Earlier in May, I had the pleasure of attending the first Sloan-C International Symposium of Emerging Technologies held in the western US in Carefree, Arizona. I’ve decided that attending the Sloan-C conferences is the best way for me to connect with colleagues from around the nation (and world) in higher education to discuss the impact of technologies on learning as well as engage in an exciting and challenging dialogue about the future of education in the 21st century. This stimulating environment filled with questions and loads of creative possibilities makes me feel so at home, even if I’m in the middle of the desert. I write this blog post as at attempt to bring some of this excitement back to my colleagues at Sierra College (hopefully a few will read this) and anyone else who may be interested.
Highlights of my experience include more exposure to the innovations being offered through integrating Second Life into learning experiences; learning of Judy Baker’s, Director of Foothills Global Access program, Hewlett grant for developing an open educational consortium specifically for community colleges (bravo, Judy!); and hearing the intellectually stimulating and provocative thoughts offered by Sarah “Intellagirl” Robbins, famed “SLebrity” (this is a new term I learned at the conference which means Second Life Celebrity). Intellagirl presented to a packed room of educators in Arizona and a crowd of avatars in Second Life, one with a blue ox head and another in handcuffs, simultaneously. Way cool.
Michelle Macfarlane, one of my colleagues from Sierra College who attended with me, took me on a tour through Second Life, which I have only dabbled in once before. I visited the Louvre and walked through the piazzas in Florence, Italy and viewed the paintings in the Uffizi too. Then we flew over to Central Park in New York which was oddly deserted. The journey was quite intriguing until my rookie SL fingers somehow managed to detach her avatar’s hair! She’s still bald…an interesting social experiment in itself, I think.
Judy Baker’s efforts to bring community colleges together in the collaborative creation of a consortium of open education online resources with intentions of democratizing the learning experience by reducing (or eliminating) the amount of money students spend on 4-5 pound textbooks are worthy of a standing ovation. For years, I’ve reflected on the remarkable absence of niches for community colleges in the online learning landscape. Let’s face it folks, community colleges are different from universities and require unique resources. Community college students are much more likely to be challenged by textbook prices that regularly exceed $100 per book. I intend to encourage my colleagues to get involved with the consortium and consider contributing quality content that could meet the learning needs of our students without undercutting their finances.
In the coming years, I’m hopeful we’ll see more strategic engagement from community colleges in California in the conceptualization of creative solutions for everyday educational challenges. I’m also hopeful we’ll see more CA community colleges getting strategic about the role of online learning in their future. If you are employed at a community college in California, is online learning an integral part of your institution’s strategic plan? If so, please share your story with me. I’m eager to reach out to other CCCs to identify how other institutions are planning appropriately for the future. If online learning has not been integrated into your institution’s plan, why? What I’d really love to see is a Sloan-C survey, like Online Nation, that focuses solely on community colleges. (If you’d like to download the full PDF version of Online Nation, click here.)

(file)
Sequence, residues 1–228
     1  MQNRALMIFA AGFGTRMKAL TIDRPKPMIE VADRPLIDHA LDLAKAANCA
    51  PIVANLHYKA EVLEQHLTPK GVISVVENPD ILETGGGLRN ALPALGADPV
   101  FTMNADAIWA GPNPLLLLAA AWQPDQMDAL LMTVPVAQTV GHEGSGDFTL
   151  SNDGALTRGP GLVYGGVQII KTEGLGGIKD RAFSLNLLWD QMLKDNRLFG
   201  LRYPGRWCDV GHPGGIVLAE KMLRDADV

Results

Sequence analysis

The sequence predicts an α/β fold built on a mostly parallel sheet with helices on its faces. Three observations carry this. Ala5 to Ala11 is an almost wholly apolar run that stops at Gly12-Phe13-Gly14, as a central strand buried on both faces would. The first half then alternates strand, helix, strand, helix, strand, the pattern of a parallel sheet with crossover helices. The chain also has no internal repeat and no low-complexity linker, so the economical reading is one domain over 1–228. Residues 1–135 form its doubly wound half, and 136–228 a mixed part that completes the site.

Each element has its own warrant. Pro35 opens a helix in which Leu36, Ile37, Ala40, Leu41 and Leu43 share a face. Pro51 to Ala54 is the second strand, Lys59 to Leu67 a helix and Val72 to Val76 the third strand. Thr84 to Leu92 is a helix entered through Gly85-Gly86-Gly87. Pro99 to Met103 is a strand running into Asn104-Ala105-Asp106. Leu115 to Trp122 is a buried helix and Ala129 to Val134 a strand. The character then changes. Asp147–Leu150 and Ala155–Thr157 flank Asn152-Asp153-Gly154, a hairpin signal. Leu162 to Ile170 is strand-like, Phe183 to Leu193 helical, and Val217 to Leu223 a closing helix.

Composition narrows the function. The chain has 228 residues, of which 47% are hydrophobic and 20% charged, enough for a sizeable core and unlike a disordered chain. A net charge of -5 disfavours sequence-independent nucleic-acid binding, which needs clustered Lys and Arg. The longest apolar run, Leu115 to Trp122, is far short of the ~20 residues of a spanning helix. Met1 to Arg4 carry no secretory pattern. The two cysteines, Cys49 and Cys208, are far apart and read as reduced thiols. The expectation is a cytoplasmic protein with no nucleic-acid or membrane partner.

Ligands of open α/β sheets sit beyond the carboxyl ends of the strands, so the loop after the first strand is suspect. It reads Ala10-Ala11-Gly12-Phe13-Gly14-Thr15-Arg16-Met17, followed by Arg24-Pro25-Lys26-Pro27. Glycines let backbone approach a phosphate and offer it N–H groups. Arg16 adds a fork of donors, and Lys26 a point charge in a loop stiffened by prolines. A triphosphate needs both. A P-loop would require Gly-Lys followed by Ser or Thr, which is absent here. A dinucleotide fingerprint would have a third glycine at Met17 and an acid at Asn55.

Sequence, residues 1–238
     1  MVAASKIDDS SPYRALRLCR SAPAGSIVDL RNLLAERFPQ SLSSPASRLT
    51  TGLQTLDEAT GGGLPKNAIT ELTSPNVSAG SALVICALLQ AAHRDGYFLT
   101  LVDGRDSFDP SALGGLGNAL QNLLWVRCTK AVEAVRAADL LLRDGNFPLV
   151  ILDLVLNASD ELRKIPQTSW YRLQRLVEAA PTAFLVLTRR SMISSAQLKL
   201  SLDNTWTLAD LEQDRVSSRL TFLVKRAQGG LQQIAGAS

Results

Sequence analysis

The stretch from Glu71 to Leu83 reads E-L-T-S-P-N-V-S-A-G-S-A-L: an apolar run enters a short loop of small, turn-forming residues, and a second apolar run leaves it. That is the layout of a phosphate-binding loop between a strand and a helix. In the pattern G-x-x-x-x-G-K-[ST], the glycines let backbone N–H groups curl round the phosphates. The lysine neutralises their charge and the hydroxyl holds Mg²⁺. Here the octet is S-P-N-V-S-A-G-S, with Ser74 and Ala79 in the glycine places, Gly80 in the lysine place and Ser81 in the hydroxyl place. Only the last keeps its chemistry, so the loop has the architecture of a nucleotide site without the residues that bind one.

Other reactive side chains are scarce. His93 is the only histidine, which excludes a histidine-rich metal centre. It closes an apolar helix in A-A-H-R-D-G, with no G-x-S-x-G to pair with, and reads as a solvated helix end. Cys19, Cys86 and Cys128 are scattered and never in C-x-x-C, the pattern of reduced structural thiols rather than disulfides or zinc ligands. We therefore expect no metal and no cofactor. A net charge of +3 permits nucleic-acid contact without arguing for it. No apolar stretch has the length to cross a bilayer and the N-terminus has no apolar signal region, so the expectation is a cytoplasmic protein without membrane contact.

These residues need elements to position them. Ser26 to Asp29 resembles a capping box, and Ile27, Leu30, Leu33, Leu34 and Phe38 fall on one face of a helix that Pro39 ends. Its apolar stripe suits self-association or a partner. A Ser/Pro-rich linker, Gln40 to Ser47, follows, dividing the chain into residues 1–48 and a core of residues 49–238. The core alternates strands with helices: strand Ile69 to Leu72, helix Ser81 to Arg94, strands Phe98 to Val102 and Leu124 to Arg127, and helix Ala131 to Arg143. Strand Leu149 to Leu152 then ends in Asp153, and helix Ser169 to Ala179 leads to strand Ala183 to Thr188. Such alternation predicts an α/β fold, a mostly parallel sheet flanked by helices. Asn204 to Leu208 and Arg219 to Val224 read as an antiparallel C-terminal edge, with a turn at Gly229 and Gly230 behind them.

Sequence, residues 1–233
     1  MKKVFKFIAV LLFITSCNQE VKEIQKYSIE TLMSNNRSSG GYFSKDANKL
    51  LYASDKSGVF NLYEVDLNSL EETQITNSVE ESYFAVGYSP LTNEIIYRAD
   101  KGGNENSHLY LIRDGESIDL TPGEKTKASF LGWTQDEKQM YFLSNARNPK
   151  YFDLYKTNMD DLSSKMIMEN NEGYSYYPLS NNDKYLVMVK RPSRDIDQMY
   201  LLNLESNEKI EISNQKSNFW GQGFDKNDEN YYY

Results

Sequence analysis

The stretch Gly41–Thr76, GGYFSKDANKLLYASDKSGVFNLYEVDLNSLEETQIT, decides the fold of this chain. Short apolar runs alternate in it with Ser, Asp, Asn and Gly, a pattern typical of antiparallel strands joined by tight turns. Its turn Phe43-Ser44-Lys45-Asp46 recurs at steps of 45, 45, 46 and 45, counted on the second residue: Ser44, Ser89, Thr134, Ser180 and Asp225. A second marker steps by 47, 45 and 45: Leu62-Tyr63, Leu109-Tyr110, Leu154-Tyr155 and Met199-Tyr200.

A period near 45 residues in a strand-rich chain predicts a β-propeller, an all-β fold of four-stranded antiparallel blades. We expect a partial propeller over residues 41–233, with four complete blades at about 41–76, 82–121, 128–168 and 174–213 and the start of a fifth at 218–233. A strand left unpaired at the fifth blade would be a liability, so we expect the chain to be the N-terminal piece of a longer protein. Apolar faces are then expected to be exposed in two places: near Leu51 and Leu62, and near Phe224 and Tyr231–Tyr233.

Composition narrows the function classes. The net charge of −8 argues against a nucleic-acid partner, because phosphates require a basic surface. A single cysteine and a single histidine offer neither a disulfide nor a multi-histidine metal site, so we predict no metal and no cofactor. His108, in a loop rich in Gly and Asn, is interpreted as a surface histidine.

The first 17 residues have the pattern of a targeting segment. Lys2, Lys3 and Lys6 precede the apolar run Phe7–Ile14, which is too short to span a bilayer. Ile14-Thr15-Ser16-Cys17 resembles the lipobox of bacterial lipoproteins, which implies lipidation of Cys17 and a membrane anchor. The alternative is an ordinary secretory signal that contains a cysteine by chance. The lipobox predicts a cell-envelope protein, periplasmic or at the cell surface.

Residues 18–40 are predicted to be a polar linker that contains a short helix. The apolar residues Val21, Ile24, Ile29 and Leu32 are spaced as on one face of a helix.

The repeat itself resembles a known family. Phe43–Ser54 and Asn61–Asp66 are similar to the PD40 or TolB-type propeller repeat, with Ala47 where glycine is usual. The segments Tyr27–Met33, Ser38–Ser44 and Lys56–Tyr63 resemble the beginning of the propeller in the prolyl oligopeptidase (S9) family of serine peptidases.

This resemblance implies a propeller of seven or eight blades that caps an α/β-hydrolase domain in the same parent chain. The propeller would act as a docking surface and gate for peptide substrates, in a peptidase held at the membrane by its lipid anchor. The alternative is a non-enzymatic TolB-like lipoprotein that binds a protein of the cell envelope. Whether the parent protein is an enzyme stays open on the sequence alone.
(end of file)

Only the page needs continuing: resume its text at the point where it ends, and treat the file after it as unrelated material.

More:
And, lastly, the “cool” product that I learned about during my trip is the Flip Video Camera. Now, I had seen an article about this camera several months ago and thought, “What’s so great about that?” Now I know. The Flip camera is a compact tool takes decent (that’s a complimentary term for low but acceptable) quality video, holding either 30 or 60 minutes on the internal drive, and with the “flip” of a lever, a USB connection pops out and makes an automatic upload to your computer occur in a flash. The files appear on your desktop in .avi format and can be edited and converted to other formats (including .mp4 for iPods) with the software that is included on the camera (which, by the way, is compatible on both PCs and Macs…yeah!). “OK, so what’s the big deal,” you ask. Well, the big deal is the sheer fluidity with which a teacher can capture a brief interview, a video of a sunset with my personal narration, a video of a tour of the desert landscape or a public art piece and within moments have that video appear online for my students. This IS big. This will transform teaching. The 60-minute version of the camera retails for between $130-150. How about purchasing a dozen for classroom use and assigning groups of students the task of roaming campus to complete a scavenger hunt: locate physical examples in your surroundings of linear perspective, complementary colors, contour lines, symmetry, etc. Here is a video I created using my new Flash video camera. This is a glass blowing demonstration I recorded at Nicholson Blown Glass in Auburn, CA.
Who says learning isn’t fun? Cheers to Sloan-C for keeping the focus on “quality” online learning. I’m already looking forward to November in Orlando.